That bonhomie still lingered when President George W. Bush met with Yeltsin’s hand-picked heir, Vladimir Putin, in Slovenia in 2001. It was there that Bush made his famous (or infamous) comment, “I was able to get a sense of his soul.”

But the relationship soured for Americans as Putin’s Russia annexed Crimea, launched military operations against Georgia and Ukraine and became increasingly authoritarian and intolerant of opposition. Then came Russia’s entry into the Syrian fray and the brazen meddling in the 2016 election campaign in support of Donald Trump, followed by four years in which Trump pursued a bizarre personal relationship with Putin while a special commission was investigating Russia’s machinations and government-to-government relations tanked.

The rosy days of two decades ago are hard to imagine now, when Putin’s image among most Americans is of an irredeemable thug, when all consulates outside the respective capitals are closed, both ambassadors are home “for consultations,” and Biden’s meeting with Putin is assailed in some hawkish quarters in Washington as appeasement of a malign autocrat. In American eyes, Russia is an irritant, a country in decline but still capable of major mischief under a leader whose stripes cannot be changed and who is entrenched for many more years.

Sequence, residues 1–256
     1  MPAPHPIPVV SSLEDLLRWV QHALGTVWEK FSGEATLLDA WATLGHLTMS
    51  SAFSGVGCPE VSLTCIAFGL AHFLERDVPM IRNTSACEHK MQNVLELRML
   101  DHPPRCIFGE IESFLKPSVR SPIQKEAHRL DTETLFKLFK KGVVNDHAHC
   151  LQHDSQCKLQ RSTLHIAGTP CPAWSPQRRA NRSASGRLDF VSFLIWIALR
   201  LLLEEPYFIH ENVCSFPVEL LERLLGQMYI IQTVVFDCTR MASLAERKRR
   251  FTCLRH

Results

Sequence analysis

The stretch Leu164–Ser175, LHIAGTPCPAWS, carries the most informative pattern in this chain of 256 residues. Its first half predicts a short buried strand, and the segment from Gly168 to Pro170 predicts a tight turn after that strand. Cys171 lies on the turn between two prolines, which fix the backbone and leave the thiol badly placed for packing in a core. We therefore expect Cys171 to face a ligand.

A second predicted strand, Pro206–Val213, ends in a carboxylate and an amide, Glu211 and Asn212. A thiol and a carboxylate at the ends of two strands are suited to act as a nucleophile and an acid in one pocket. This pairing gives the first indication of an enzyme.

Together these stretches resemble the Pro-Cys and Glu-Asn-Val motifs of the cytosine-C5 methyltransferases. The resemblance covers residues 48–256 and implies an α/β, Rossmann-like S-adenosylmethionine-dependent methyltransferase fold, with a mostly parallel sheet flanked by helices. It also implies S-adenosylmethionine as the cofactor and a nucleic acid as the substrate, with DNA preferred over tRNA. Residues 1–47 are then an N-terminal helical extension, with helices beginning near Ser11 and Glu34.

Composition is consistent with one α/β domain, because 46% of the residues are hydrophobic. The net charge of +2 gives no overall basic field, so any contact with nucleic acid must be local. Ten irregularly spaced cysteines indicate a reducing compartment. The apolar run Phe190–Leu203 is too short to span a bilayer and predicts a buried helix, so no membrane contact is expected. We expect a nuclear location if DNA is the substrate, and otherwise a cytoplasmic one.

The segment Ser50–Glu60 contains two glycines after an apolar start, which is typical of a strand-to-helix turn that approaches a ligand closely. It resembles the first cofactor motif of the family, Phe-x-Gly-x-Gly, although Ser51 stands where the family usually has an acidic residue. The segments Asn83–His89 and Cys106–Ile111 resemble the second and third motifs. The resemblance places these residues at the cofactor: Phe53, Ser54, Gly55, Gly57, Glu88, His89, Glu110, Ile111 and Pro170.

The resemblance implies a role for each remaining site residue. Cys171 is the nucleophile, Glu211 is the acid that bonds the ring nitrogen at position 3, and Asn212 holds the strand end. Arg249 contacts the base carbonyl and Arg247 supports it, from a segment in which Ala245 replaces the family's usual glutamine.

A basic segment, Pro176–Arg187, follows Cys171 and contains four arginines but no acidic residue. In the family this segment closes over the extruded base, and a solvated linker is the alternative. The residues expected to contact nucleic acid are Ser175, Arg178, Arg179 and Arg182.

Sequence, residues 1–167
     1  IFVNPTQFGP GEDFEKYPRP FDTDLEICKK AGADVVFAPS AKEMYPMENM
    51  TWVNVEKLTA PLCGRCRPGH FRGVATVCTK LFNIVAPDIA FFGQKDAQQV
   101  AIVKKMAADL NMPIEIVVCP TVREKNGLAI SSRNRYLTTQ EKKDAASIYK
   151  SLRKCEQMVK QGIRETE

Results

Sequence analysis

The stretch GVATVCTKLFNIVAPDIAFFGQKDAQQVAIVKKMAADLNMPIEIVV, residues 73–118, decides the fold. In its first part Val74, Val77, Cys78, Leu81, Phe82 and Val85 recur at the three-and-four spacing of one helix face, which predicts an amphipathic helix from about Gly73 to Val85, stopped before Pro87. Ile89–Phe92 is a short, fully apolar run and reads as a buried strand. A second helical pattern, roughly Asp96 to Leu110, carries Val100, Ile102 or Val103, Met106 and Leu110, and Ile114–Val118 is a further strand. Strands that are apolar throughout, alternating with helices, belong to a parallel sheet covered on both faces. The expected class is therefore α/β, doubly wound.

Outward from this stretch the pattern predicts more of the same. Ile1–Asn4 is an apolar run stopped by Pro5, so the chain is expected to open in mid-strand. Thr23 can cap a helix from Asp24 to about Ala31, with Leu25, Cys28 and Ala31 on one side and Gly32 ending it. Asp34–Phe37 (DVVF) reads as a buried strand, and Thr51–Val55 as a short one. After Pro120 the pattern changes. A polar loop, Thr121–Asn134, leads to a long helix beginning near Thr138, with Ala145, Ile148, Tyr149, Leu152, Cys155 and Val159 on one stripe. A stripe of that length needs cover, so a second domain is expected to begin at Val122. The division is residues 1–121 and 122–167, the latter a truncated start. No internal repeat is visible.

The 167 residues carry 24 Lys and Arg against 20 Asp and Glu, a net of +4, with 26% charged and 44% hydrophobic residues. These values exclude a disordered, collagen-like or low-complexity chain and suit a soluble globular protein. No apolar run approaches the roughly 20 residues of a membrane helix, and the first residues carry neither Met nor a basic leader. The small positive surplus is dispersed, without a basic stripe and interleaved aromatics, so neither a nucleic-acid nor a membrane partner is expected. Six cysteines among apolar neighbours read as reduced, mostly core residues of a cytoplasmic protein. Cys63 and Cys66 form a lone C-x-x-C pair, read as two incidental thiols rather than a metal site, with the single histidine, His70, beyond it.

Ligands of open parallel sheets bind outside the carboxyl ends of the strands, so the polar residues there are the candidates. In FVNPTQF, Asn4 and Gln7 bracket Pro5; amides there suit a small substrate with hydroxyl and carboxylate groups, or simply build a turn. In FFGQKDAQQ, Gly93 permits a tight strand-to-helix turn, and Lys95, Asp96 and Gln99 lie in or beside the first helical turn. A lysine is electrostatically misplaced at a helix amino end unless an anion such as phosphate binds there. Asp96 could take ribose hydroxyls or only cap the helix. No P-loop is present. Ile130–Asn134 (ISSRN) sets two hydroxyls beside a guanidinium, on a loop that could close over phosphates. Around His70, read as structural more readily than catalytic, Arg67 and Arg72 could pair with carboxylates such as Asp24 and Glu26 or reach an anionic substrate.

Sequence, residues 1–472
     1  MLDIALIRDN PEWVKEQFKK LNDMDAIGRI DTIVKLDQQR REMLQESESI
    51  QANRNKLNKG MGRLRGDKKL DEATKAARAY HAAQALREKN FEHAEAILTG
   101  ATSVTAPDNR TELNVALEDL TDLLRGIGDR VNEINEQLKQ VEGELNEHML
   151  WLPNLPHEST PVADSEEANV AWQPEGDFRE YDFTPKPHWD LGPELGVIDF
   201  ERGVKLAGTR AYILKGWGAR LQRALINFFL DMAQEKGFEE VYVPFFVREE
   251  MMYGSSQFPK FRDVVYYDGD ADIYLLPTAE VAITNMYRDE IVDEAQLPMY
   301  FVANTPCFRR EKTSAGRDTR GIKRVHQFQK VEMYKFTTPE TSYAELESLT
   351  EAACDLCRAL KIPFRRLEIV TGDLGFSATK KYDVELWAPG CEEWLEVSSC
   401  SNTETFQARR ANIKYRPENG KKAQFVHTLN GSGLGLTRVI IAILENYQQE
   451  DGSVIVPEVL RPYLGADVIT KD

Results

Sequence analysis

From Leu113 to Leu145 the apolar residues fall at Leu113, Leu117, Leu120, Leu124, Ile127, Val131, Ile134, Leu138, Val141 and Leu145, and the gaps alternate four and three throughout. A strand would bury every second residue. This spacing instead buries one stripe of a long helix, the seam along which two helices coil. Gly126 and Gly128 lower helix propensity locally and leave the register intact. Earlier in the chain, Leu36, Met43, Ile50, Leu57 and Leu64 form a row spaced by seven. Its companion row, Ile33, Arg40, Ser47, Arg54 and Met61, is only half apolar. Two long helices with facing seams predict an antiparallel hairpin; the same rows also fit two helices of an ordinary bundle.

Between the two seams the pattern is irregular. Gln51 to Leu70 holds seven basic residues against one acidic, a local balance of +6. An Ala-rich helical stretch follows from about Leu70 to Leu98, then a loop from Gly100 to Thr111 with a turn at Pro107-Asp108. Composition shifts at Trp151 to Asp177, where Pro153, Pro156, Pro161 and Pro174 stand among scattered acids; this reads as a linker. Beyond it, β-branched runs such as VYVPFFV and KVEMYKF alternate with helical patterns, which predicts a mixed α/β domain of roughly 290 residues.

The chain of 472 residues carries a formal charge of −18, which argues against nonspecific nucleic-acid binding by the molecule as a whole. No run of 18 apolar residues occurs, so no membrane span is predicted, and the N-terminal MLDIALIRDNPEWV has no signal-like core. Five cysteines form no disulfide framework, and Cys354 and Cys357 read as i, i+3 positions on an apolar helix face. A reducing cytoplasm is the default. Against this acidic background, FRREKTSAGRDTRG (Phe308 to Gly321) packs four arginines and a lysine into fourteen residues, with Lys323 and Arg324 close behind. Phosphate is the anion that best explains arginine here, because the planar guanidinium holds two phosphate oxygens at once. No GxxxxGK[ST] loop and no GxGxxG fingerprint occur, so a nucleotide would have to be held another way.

It may come as a surprise to some Americans, but in many Russian eyes, it is the United States that is the mischief-maker and needs to change; the United States that needs to acknowledge that its unipolar moment is over and it cannot impose its will around the world; the United States that preaches democracy and human rights and scatters sanctions against those who defy it while its own democracy is in polarized disarray.

Though a struggling economy and too many years in power have eroded Putin’s standing at home, and dissidents like Alexei Navalny have shaken his rule, he remains popular — in part for managing to remind the Biden administration, whether through cybermeddling or threatening troop movements on Ukraine’s borders, that Russia will not be taken for granted.

The meeting in Geneva will not reconcile these visions nor find either leader peering into the other’s soul. Both have made that clear. But both also have pressing reasons to make their relations more stable and predictable.

After years of conflicts and sanctions, Putin probably welcomes some evidence that he still carries weight in the world. His apparent readiness to deal seriously on cybersecurity suggests he does want to emerge from the meeting with something to show.

Biden, for his part, is probably keen to lower the temperature with Russia if only not to be distracted from his domestic agenda, and from the more important joust with China. China, indeed, will be the elephant in the Genevan lakeside villa, a gathering force that worries Moscow as much as it worries Washington.

So even if the meeting features mutual bashing and ends without a joint communiqué, a “reset” or displays of chumminess or trust, simply getting together and demonstrating a readiness to give real diplomacy a chance — possibly by announcing joint initiatives on arms control, cybersecurity, climate change or the Arctic — would be mission accomplished.